Gov. Mark Dayton returned from seeing the environmental aftermath of the Gilt Edge Mine in South Dakota on Tuesday with strengthened resolve to guarantee environmental and financial safeguards for a mine proposed by PolyMet Mining Corp.
Dayton said all contingencies must be prepared for and be backed by company money in case something goes awry.
“If it does proceed, this emphasized the importance of doing it right with safeguards to make sure something like this doesn’t happen,” Dayton said upon returning. He added that the visit has made him no closer to a decision on the proposed Iron Range copper-nickel mine.
Dayton is visiting two mines this week on the counsel of opponents and supporters of the project to help guide his decision. Gilt Edge, a Superfund site that was once a former gold mine, has cost taxpayers more than $100 million in cleanup and is a model of what PolyMet opponents say could come to Minnesota.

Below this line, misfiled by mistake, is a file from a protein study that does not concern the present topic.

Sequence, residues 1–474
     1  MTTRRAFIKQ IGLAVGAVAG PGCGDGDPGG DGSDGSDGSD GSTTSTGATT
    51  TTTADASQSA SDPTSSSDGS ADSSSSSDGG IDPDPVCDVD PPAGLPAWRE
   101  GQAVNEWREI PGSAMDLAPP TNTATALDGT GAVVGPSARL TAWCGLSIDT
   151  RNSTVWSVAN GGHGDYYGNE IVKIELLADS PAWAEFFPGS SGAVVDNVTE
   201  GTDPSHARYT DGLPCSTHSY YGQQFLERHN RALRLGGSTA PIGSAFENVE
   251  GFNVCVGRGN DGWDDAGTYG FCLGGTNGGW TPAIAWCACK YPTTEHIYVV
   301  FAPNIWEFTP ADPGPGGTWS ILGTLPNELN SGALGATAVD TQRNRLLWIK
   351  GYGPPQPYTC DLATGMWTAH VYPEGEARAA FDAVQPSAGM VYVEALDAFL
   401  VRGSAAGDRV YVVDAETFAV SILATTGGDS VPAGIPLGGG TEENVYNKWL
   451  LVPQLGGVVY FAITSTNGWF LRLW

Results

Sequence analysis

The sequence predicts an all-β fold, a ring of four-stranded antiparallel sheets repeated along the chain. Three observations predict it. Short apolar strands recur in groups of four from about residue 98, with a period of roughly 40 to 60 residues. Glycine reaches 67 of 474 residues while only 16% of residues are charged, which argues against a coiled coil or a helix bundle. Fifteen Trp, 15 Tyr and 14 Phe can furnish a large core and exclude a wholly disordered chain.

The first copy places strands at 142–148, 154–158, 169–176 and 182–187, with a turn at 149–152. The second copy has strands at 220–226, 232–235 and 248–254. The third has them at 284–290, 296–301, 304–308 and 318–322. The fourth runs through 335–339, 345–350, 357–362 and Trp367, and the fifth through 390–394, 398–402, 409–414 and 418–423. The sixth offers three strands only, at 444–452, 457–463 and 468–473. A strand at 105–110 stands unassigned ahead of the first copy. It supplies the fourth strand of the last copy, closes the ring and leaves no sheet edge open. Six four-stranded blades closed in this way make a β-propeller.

Dayton will visit Michigan’s Eagle Mine near Lake Superior on Friday to view what supporters of the Minnesota project say is a far more successful mine.
The PolyMet decision is shaping up to be one of the most important of Dayton’s term, a decision that is almost guaranteed to end in lawsuits by whichever group loses, in what has been the company’s yearslong, multimillion-dollar effort to win project approval.
Dayton has explicitly said politics will play no part in his administration’s decision, but he has also not denied the deep divisions the PolyMet issue is causing in the DFL coalition that elected him governor twice.
“There’s no middle ground,” Dayton said Tuesday when asked about pressure from both sides.
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